Certain other assets with a working life of over 25 years are designated as 'long-life assets' and qualify for allowances at the special rate.
There are special capital allowance rules for cars. There are also special rules which enable an election to be made in respect of assets with an expected useful life of less than 8 years (short life assets) which enable the full benefit of the allowances to be obtained more quickly. For assets purchased before April 2011, the election can only be made in respect of an asset with an expected life of less than 4 years.
Businesses can claim an annual investment allowance for capital expenditure incurred on most items of plant and machinery. The annual investment allowance gives 100% capital allowances on expenditure up to £200,000 a year. Businesses which are members of a group of companies only get one annual investment allowance for the whole group.
It was announced in the 2018 budget that the annual investment allowance will be temporarily increased to £1 million for 2019 and 2020.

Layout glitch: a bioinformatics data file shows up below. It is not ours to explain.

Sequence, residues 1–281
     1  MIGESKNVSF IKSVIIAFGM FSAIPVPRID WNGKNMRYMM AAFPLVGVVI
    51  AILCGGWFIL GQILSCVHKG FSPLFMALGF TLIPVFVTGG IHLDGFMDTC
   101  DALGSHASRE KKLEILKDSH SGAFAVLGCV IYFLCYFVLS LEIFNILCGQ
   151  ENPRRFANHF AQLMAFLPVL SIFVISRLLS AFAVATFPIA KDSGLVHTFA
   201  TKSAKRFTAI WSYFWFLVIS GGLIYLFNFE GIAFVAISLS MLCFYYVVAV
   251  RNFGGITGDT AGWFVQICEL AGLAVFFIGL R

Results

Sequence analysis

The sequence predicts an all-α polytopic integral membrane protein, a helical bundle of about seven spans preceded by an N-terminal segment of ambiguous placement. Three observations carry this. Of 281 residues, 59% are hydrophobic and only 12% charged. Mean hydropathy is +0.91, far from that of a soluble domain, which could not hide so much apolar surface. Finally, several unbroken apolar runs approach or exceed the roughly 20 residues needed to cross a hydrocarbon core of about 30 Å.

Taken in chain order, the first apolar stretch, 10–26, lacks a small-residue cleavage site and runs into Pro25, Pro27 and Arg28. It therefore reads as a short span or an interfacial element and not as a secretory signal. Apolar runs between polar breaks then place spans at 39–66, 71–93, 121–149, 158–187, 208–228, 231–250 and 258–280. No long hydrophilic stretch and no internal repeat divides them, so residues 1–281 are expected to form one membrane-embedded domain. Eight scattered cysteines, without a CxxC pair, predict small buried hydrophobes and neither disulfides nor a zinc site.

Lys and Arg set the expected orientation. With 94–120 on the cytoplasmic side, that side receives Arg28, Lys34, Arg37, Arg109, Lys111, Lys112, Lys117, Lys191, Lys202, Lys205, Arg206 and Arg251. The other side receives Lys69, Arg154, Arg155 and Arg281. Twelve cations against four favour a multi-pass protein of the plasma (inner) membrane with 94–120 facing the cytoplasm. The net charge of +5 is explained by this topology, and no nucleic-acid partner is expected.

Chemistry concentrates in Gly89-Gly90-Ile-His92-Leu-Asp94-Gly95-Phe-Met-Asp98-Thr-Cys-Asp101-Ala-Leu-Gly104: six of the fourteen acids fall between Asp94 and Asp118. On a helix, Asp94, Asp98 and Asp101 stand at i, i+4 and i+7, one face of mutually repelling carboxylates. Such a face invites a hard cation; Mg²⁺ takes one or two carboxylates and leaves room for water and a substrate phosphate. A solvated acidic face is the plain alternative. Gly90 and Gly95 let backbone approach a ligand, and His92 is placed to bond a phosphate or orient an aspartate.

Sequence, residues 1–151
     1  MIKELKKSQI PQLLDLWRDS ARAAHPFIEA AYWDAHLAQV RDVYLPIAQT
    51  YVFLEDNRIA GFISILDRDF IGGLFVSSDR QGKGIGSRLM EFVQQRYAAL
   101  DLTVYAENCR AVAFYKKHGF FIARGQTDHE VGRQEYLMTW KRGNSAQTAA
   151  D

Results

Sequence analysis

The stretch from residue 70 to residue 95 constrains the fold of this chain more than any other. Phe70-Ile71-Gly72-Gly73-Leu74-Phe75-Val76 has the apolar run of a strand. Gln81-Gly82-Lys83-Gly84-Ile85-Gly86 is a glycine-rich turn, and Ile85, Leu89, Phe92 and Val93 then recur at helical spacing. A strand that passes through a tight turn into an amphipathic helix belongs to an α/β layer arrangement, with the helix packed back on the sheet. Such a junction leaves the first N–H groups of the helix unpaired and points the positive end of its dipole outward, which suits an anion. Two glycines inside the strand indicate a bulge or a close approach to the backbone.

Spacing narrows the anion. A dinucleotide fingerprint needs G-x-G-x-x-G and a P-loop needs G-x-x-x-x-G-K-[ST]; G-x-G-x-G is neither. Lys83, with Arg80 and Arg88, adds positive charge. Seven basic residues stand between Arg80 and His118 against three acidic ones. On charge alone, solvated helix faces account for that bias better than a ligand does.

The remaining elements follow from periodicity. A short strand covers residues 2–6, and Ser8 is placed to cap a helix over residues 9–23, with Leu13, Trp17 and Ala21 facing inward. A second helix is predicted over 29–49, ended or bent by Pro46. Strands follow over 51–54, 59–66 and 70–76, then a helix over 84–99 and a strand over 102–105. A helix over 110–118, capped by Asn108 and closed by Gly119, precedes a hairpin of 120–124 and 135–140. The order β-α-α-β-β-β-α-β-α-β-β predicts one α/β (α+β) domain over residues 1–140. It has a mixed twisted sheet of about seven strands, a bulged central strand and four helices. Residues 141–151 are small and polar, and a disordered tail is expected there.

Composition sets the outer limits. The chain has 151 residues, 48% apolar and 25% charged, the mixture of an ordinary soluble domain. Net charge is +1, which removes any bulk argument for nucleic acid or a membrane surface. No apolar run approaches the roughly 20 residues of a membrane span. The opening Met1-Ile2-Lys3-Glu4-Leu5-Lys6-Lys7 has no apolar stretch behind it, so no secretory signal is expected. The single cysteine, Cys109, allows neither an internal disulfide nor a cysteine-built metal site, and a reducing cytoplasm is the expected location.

Enhanced capital allowances currently give 100% capital allowances on certain designated energy-saving and environmentally beneficial plant and machinery. It was announced in the 2018 budget that these 100% allowances will be abolished from April 2020.
There are three categories of plant and machinery which currently qualify for ECAs:
Qualifying items of energy saving plant and machinery are set out on a government website about enhanced capital allowances.
The equipment purchased will only qualify if it is unused and not second hand equipment. So in a property purchase if assets are acquired from the seller with the property they will not qualify for this relief as they are second hand. However, if you build or refurbish a building using designated equipment the 100% allowances should be available.